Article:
Each of the pieces has a subtitle taken from the Tao te Ching of the sixth-century BC Chinese philosopher Lao Tzu. The Second Piano Sonata “being and non-being create each other” is in three movements: Immanence, Byzantine Bells and Joy, in decreasing durations of Fibonacci proportions (we are told in the excellent notes by Bob Gilmore). The overall feel of the piece is contemplative, with even the “Joy” of the third movement seeming contained rather than exuberant. We are even treated to echoes of Beethoven’s “fate-knocking” theme from the Fifth Symphony in the closing moments of the sonata. While in his earlier years Rădulescu had treated the piano in a number of unconventional ways – turning it on its side and bowing the strings with rosined cords; retuning the piano spectrally to free the natural harmonics hampered by tempered tuning – with the Second Sonata he seems to have reconciled his language to the use of a conventional concert instrument.

This is not the case with the Fifth String Quartet “before the universe was born,” which uses a number of extended techniques to expand the palette of the strings in some unimaginable ways, which is to say that there are some sounds produced that I can’t begin to understand the origins of. The 29-minute work is in 29 brief sections, each with a quote from Lao Tzu beginning with “The unnamable is eternally real (darkness, the gateway to all understanding)” and ending “The world is sacred (it can’t be improved).” Again contemplation is the mood of the piece, with clouds of quiet sounds, but just past the halfway point things get more aggressive and there is an extended section of quite abrasive sound. Although there are moments of respite along the way, the work ends with insect-like buzzing and gnashing.

The Fifth Sonata “settle your dust, this is the primal identity” returns to modal melodic material. It is based on Romanian folk music and its drone- and bell-like passages are a genuine relief after the dark journey of the Fifth Quartet. Perhaps the subtitle of the third movement tells it all: “Use your own light /and return to the source of light. This is called practicing eternity.”

Stephen Clarke, who we know is comfortable in many modern idioms from the gentle, sparse music of Linda Catlin Smith to the aggressive complexity of Pierre Boulez, seems well at home in this largely unknown repertoire. And with their extensive work with Helmut Lachenmann I can’t think of another group better suited to the extended demands of Rădulescu’s string writing than JACK.

02 Reich RainIn keeping with the full disclosure of my opening paragraph, it was New Music Concerts who first brought Steve Reich to Toronto back in 1976 and was responsible for my initial exposure to his music. In recent years it has been our colleagues at Soundstreams who have been Reich’s premier sponsors in the city and this month they will pay tribute to “Steve Reich at 80” with a performance of, in my opinion, the jewel in the crown of his oeuvre, Music for 18 Musicians.

In October 2014 the Ballet de l’Opéra national de Paris presented choreographer Anne Teresa de Keersmaeker’s Rain (BelAir Classics BAC126), a setting of Music for 18 Musicians as performed by Ensemble Ictus and Synergy Vocals under Georges-Elie Octors’ direction. I admit to being out of my zone of comfort here, not being well versed, or even particularly interested, in modern dance. But the ten athletic dancers running gazelle-like (or is it Giselle-like?) around the stage in patterns reminiscent of a Samuel Beckett play on speed proved to be almost as hypnotic as the music. The focus of the film is understandably on the dancers, with only occasional tantalizing glimpses of the musicians, but the 5.1 Dolby digital sound is immaculate and the performance is compelling.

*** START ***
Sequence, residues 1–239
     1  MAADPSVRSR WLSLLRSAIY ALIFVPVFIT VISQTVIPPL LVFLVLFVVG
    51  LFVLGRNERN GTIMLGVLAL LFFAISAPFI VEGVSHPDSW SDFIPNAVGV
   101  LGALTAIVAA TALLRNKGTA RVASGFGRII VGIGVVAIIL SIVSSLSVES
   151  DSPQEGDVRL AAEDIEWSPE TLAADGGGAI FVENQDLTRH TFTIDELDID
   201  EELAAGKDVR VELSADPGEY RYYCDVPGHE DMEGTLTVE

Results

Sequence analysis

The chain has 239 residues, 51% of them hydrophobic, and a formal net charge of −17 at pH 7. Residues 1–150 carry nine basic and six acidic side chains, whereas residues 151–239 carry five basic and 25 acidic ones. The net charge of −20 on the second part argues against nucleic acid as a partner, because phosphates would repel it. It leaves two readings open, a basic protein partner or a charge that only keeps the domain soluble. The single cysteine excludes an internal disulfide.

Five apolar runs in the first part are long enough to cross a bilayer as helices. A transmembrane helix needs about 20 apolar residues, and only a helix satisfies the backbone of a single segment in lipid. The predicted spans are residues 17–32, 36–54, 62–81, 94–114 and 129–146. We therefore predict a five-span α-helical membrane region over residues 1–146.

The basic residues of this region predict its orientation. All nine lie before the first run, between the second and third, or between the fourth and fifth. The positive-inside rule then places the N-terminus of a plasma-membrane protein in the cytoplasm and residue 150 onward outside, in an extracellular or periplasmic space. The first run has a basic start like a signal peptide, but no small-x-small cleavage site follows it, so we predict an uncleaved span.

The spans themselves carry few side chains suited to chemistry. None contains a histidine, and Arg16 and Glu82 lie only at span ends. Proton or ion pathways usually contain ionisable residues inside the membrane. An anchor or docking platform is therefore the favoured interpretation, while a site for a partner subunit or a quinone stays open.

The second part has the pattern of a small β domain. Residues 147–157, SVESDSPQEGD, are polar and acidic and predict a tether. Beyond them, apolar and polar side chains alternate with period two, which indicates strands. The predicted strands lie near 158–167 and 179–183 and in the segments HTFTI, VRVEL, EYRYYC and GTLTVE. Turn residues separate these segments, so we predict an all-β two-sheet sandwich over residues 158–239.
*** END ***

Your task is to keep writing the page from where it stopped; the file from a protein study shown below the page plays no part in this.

Concert Note: On April 14, Soundstreams presents a very ambitious program at Massey Hall, including Reich’s iconic Clapping Music, the large choral work Tehillim and Music for 18 Musicians.

03 Claire ChaseSteve Reich provides the bridge to the next disc, Density, featuring flutist Claire Chase (clairechase.net) which has been waiting patiently on my desk for the past year. It opens with Reich’s Vermont Counterpoint for 11 flutes (piccolos, flutes and alto flutes), conceived as a work for flute “choir” or to be overdubbed by one player (as first performed and recorded by Ransom Wilson). As with all the works on this disc, Chase plays all of the parts in studio recordings in which the layers blend seamlessly. All are by living composers with the exception of the title piece Density 21.5 which Edgard Varèse (1883-1965) composed for a solo platinum flute in 1936 (21.5 grams being the approximate density of a cubic centimeter of platinum). The other works all involve multiple flutes and/or electronics.

Of particular note for its rich sonorities is Marcos Balter’s Pessoa for six bass flutes. Alvin Lucier’s Almost New York for piccolo, flute, alto, bass and contrabass flutes, and pure wave oscillators, takes some getting used to. The pure electronic sounds are quite harsh in comparison with the warmth of the natural flutes, but eventually our ears adjust and the contrast is quite effective. That being said, Philip Glass’ homage to Erik Satie, Piece in the Shape of a Square for two flutes, comes as breath of fresh air after 25 minutes of the sterile sounds produced by Lucier’s oscillators.

Luciform for flute and electronics by Mario Diaz de León presents a very different electronic soundscape: synthetic layerings and contrapuntal accompaniments to the rich sounds of the flute in its lower register. Again, to my ears, the purely acoustic sounds produced by the platinum flute in Varèse’s Density 21.5 are more interesting by far. Nevertheless, Chase is to be congratulated not only for her dexterity throughout the full range of flute family but also for her diverse choice of repertoire, producing a 75-minute homophonic program that holds our interest from start to finish.